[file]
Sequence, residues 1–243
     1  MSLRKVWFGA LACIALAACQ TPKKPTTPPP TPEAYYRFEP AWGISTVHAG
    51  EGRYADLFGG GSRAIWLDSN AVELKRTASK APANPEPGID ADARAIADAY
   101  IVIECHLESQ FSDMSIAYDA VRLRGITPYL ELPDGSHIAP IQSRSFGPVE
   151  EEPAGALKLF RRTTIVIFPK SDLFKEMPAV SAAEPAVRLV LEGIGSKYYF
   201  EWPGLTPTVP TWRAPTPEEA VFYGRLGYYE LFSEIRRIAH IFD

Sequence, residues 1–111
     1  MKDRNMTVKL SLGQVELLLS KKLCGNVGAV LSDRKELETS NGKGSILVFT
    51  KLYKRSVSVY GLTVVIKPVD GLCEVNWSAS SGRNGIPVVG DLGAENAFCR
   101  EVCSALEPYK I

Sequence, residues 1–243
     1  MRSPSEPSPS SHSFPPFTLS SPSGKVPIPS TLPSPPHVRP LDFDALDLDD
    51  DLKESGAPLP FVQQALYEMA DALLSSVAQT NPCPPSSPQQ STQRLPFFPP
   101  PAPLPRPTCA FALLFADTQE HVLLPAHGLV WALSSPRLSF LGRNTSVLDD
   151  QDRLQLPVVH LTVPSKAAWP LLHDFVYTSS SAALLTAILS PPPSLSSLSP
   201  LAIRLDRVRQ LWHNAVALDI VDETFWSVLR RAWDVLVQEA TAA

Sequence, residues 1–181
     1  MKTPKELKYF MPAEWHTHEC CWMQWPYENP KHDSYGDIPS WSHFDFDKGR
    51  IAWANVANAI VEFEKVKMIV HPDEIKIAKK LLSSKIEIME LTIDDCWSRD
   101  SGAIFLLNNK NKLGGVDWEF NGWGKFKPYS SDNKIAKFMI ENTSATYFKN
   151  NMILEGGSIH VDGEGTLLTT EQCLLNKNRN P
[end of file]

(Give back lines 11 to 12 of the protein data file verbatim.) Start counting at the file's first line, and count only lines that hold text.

Sequence, residues 1–243
     1  MRSPSEPSPS SHSFPPFTLS SPSGKVPIPS TLPSPPHVRP LDFDALDLDD